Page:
I'm going to talk about race. I'm telling you this now so that those of you who aren't interested in sports, and are even less interested in sports broadcasting, will either hang around or, at the very least, skip down to the good stuff. Now then...
I don't like it any better than you do. In fact, I probably like it a whole lot less. Some time ago, some empty-headed executive at ESPN decided that being the best sports information network in the world just wasn't enough. I don't remember exactly when it started, but the trend is irrefutable and irreversible: From movies to morning shows, ESPN is branching out-- diversifying their programming. In other words, they are watering down the drinks, dammit. For a little while there, they even had their own weekly, one-hour drama series called "Playmakers," until NFL commissioner Paul "The Godfather" Tagliabue had it whacked for ratting out the organization.
One of ESPN's latest sins against nature is a reality show called "Knight School," featuring basketball coach Bobby Knight. Knight, of course, is best known for being the former head coach at Indiana University. In 29 season at Indiana, Knight's Hoosiers won 11 Big Ten Championships, five NCAA Regional titles and three National Championships. His 1975-76 squad was undefeated in 32 regular- and post-season games. But Knight's tenure at Indiana was marred by a seemingly endless string of controversial incidents, virtually all of them stemming directly from the fact that Robert Montgomery Knight is a pinch-faced nexus of volatility-- a steaming and sulphuric volcano with a chip on its shoulder.
By the late summer of 2000, Indiana University had had enough of Bobby Knight. They fired him. Knight scurried off into the west Texas desert like a wounded armadillo, where an old friend (who knew he had any?) offered him One Last Chance-- to make something out of the Texas Tech basketball program. Indiana, meanwhile, replaced him with a mild-mannered man named Mike Davis, whose greatest claim to fame at that point was that he was a mild-mannered man named Mike Davis. Oh, and he's black. Indiana had never had a black head coach.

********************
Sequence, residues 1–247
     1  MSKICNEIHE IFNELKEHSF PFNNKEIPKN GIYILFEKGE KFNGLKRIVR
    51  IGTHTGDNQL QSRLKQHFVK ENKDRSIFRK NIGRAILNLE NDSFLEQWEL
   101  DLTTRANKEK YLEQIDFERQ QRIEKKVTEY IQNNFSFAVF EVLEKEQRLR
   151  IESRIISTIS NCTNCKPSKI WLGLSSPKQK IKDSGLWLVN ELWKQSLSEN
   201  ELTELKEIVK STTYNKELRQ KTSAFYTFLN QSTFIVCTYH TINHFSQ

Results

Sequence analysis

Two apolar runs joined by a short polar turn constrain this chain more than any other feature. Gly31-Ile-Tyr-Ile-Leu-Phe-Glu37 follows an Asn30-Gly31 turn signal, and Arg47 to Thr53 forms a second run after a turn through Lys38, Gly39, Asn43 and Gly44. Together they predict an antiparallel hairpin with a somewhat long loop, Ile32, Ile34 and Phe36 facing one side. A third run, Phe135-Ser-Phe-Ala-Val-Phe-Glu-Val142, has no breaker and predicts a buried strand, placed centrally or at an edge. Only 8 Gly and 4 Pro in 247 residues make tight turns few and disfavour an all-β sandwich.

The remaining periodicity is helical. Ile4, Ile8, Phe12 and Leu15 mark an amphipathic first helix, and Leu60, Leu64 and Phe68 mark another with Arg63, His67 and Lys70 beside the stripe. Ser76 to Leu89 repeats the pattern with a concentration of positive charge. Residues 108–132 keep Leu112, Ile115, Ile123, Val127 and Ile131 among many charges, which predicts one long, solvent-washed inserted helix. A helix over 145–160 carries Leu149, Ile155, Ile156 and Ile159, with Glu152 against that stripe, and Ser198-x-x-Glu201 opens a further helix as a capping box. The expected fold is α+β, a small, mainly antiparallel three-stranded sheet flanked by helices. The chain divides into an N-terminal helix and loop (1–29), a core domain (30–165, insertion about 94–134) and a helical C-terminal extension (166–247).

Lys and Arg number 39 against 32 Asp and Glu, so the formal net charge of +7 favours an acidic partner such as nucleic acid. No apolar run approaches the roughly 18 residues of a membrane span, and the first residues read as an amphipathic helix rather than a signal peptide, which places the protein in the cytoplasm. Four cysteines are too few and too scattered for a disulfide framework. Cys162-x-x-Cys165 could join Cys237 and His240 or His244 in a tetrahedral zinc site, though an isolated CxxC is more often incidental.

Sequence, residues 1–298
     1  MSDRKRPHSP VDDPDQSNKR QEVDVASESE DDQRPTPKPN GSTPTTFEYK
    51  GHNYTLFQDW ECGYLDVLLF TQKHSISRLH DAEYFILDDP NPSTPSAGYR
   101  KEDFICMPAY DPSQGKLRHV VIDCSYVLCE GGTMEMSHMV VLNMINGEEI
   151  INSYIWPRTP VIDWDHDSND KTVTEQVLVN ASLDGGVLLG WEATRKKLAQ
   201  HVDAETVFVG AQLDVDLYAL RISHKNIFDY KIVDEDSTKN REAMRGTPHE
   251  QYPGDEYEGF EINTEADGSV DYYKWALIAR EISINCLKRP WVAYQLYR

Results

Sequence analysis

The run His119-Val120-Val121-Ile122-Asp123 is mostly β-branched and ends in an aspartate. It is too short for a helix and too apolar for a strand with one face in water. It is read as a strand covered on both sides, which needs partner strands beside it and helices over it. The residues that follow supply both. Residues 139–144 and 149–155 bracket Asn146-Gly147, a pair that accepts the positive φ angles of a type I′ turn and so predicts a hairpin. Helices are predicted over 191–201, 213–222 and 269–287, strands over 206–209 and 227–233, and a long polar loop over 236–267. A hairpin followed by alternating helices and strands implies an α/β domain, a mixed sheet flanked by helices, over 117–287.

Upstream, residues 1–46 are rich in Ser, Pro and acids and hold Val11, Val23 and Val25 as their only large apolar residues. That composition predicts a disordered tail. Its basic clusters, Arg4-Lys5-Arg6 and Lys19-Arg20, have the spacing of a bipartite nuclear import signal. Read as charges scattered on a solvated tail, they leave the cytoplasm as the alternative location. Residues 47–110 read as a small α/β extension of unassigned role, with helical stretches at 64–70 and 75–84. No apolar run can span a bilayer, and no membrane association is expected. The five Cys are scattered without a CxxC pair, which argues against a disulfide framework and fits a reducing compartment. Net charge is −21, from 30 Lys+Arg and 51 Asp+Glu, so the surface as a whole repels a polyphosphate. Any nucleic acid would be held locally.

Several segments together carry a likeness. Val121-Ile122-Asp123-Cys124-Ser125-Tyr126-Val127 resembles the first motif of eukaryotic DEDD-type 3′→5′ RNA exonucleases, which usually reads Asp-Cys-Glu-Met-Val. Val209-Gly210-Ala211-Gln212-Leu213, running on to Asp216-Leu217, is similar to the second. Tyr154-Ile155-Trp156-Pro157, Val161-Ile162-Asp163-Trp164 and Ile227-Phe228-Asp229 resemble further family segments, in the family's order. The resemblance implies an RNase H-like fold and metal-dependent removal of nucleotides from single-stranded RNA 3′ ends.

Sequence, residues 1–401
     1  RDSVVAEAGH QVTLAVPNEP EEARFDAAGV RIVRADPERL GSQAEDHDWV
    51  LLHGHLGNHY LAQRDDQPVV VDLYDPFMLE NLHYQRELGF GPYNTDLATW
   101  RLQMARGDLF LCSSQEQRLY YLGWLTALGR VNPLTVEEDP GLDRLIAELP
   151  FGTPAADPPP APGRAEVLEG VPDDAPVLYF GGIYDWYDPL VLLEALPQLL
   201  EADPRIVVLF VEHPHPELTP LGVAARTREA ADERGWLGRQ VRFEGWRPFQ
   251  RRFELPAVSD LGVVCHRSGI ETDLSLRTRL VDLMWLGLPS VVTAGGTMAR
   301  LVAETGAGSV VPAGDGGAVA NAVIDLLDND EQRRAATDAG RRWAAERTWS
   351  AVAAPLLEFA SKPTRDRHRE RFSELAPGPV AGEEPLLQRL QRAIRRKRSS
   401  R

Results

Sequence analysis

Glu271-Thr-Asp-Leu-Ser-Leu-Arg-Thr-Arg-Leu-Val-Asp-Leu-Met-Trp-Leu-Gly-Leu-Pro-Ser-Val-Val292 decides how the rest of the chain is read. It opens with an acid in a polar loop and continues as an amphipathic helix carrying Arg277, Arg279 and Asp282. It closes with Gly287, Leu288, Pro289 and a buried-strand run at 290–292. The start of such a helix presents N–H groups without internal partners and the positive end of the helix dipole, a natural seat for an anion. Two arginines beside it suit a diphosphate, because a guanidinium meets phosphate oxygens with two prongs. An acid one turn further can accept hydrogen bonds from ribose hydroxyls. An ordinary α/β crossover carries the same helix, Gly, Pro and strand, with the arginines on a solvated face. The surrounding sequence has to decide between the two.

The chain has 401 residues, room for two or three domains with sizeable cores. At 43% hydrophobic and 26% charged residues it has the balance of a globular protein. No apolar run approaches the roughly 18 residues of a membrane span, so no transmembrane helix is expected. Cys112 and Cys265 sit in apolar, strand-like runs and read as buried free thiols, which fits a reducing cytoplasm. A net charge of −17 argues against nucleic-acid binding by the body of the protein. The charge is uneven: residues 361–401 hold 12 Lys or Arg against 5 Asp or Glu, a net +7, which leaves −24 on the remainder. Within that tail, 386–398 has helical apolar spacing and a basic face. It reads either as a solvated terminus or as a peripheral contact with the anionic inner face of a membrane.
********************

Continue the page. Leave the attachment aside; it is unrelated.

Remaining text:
For a while, everything worked well. In his first season, Davis guided the Hoosiers all the way to the National Championship game. It looked like the hits were gonna keep on comin' at Indiana. By the beginning of 2006, however, there were low grumblings in the Hoosier State that maybe Mike Davis wasn't the man for the job after all. Those gumblings were kept pretty much on the down-low for much of the season, until Davis himself let it slip that he felt his tenure might be nearing its end. What Davis said was that he thought Indiana might feel better served if they had "one of their own" coaching the team. Publicly, everyone chose to believe the phrase "one of their own" was an allusion to University of Iowa head coach Steve Alford, a former star player at Indiana under the Knight regime. Privately, of course, no one could be faulted for wondering if "one of their own" might also have certain racial undertones in the state that --to this day-- has the nation's largest enrollment of the Ku Klux Klan. (I know, I know! But don't feel bad: Almost everybody else thinks the answer to that trivia question is "Mississippi," too.)